Mastering the guitar can feel slow at the beginning. However, there are some points in the learning process that manifest as leaps – practicing some simple tricks on a guitar can open much more possibilities. One of these tricks is mastering bar (barre) chords and how they work.
Minor bar chords are half of the deal for beginners and are the base for the more complex and advanced chords like minor 7s and 9s. Minor chords add depth and moderate mood to your chord progression just like major chords.
It doesn’t matter whether you start practicing major or minor chords, or alternate. Playing-wise, the two types of chords stand together shoulder to shoulder, so it’s up to your preference which you’ll practice first. Keep in mind that playing only major or only minor chords can sound goofy or too weird, so most players alternate between the two.
As for learning what they are and how to play them, it can be easier to figure it out by learning minor bar chords. Let’s start with the basics.
The three basic Minor Chords
A minor chord in music theory consists of the carrier note (the first interval) that names the minor chord, its minor third interval, and the perfect fifth interval. For example, for C-minor, the chord consists of C Ed (E flat), and G instead of C-E-G for the C-major chord.
Another way you can look at it is by adding a minor third interval to the base note and then adding a major third interval to the middle note. On a string of a guitar, since frets divide by half-degrees, you can count an open string as “one”, then count on until you get to “four”. For an E-string, you should get to the note .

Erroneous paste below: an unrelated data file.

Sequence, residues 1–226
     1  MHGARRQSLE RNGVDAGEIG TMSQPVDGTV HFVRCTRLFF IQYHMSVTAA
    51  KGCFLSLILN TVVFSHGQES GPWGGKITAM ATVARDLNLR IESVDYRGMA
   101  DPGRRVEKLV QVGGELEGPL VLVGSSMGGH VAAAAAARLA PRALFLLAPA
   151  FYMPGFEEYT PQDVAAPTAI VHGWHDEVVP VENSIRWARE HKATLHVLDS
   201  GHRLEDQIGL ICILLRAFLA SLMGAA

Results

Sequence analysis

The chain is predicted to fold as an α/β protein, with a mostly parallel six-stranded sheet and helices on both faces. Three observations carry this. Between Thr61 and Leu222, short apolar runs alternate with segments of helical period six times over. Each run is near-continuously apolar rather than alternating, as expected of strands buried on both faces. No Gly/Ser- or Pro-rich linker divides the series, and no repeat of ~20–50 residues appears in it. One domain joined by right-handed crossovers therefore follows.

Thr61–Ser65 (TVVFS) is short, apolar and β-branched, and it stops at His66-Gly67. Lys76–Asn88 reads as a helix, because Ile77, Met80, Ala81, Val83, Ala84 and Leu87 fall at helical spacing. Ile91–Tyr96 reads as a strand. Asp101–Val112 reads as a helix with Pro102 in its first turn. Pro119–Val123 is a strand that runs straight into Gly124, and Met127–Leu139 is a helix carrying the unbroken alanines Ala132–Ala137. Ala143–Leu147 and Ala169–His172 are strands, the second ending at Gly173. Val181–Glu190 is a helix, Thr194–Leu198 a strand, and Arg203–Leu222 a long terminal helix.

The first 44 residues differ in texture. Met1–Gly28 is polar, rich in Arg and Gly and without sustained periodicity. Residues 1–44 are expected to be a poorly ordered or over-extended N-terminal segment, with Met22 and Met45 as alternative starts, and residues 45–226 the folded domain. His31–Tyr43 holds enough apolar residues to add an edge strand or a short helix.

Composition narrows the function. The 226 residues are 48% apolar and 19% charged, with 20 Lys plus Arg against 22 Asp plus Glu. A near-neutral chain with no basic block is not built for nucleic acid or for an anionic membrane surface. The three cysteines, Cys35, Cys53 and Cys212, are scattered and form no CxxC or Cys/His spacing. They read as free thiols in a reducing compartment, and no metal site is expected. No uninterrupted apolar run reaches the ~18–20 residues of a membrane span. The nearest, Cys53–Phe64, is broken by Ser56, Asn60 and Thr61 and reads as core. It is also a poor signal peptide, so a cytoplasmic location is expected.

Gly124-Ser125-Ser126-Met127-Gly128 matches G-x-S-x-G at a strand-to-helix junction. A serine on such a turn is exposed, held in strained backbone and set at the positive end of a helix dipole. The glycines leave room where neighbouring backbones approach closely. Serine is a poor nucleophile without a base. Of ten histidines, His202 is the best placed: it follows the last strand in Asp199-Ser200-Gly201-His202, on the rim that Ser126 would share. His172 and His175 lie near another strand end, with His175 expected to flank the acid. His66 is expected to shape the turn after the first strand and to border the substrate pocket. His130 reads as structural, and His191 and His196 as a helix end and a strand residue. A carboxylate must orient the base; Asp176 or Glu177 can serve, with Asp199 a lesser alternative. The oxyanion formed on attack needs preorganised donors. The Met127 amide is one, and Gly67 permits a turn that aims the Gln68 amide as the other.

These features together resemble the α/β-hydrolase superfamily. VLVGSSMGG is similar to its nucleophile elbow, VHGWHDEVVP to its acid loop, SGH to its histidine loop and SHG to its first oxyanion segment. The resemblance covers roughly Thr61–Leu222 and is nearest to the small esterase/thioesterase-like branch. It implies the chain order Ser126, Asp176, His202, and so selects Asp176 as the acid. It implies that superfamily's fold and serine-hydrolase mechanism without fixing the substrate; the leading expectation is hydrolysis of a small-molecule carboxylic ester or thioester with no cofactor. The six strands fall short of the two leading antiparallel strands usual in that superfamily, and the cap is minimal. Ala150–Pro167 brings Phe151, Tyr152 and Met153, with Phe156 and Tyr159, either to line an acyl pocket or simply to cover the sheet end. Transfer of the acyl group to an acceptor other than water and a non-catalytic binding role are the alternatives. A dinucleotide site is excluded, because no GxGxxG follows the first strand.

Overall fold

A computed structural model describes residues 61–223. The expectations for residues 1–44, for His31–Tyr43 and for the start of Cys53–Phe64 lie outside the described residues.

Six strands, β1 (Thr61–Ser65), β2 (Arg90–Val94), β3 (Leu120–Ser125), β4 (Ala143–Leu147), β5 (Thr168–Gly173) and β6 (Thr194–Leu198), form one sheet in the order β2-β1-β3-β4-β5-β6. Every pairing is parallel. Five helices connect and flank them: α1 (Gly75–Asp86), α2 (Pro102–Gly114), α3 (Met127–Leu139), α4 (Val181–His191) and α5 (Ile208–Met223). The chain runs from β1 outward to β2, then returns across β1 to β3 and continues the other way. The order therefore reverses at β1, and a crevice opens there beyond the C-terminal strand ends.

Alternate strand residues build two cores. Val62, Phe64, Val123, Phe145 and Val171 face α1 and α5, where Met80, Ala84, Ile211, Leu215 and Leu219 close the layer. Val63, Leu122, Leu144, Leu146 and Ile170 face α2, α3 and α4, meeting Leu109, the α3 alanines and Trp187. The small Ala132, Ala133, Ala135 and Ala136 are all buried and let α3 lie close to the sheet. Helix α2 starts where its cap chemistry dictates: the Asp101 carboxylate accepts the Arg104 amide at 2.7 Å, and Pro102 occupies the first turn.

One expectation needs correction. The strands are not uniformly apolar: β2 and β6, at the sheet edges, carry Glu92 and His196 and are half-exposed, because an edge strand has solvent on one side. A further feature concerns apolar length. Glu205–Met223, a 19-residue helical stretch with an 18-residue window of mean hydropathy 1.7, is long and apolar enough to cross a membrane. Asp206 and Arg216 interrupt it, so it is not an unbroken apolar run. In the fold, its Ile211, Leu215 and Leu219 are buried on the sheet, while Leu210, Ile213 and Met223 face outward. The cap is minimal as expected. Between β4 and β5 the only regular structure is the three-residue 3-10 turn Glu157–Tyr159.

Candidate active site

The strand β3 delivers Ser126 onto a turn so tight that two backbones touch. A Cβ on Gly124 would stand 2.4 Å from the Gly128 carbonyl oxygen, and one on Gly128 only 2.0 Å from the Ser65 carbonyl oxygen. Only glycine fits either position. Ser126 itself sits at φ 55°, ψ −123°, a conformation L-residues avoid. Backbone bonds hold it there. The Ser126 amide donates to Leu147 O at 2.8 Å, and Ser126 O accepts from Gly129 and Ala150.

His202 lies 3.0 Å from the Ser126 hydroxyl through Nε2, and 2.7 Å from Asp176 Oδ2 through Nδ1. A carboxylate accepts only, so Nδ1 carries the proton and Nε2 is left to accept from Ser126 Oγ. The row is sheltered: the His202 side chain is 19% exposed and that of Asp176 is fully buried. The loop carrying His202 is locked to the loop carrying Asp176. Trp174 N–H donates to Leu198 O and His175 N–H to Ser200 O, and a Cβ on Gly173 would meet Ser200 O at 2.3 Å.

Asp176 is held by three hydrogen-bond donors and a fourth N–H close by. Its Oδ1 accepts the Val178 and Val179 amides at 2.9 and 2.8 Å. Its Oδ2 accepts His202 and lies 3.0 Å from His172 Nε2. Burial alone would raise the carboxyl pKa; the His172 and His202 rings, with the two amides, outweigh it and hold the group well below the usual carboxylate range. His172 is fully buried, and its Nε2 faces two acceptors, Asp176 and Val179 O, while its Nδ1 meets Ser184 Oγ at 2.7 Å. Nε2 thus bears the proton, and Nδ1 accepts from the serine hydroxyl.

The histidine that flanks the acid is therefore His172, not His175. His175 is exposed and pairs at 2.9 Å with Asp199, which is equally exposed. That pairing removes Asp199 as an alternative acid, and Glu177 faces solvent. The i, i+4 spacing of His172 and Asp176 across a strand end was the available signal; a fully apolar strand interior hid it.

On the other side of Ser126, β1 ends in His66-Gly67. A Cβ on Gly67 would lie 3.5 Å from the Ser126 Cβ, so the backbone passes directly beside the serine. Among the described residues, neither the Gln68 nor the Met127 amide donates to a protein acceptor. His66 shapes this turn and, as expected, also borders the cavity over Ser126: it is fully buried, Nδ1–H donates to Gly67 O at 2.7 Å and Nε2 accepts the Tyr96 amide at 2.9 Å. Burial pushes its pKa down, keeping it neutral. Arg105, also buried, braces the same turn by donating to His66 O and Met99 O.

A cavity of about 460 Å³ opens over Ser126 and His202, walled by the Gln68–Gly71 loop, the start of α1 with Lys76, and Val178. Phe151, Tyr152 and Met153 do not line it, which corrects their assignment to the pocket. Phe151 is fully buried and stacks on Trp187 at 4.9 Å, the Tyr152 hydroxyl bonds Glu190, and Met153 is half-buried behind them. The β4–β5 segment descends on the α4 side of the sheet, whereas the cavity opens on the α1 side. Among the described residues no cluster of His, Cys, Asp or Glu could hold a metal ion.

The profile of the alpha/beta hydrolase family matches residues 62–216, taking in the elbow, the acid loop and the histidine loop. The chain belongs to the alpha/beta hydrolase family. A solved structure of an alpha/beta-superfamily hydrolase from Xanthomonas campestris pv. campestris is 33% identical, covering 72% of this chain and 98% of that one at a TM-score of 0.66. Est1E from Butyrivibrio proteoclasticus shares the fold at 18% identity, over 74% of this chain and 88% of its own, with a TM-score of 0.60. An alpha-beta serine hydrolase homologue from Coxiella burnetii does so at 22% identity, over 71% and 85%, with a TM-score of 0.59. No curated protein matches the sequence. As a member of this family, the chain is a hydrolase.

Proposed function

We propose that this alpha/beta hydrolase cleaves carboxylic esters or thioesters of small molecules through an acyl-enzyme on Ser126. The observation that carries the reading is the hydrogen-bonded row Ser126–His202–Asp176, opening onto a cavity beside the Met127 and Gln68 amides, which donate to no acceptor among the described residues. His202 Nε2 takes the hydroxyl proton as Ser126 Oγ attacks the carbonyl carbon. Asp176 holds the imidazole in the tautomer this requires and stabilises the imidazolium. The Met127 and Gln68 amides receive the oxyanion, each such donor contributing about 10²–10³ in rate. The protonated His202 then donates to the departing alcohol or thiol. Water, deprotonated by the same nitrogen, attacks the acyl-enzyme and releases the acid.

Now, since the difference in strings is by five frets (or 6 intervals, including the open string) or 4 in the case of the G (4th from the top) and B string (5th string from the top), you can shuffle the three notes and find them on other strings in a two-three fret vicinity. Since you are allowed to repeat notes, you can quickly find that you can play some chords using three fingers and even two.
For the lesson at hand, we will focus on three minor chords on a guitar that are important to us. As a refresher, the three minor chords (Em, Am, and Dm) are some of the most basic chords played on an open string. We are covering all three chords here, though we will focus on Em and Am since they are much more useful as the majority of bar chords used are based on them.
The reason these chords are played so is because of their bass string, or the first string from the top. This bass string note (open string note) determines the first note in the chord (the carrier note). So, for E-minor it’s E2, for A-minor it’s A2, and for D-minor it’s D3. The following four strings played are adding the 5th interval, the octave, and the 3rd interval, respectively. This ends the D-minor chord, Am adds another 5th interval, and Em adds to this another octave (2nd degree octave) as in picture 2.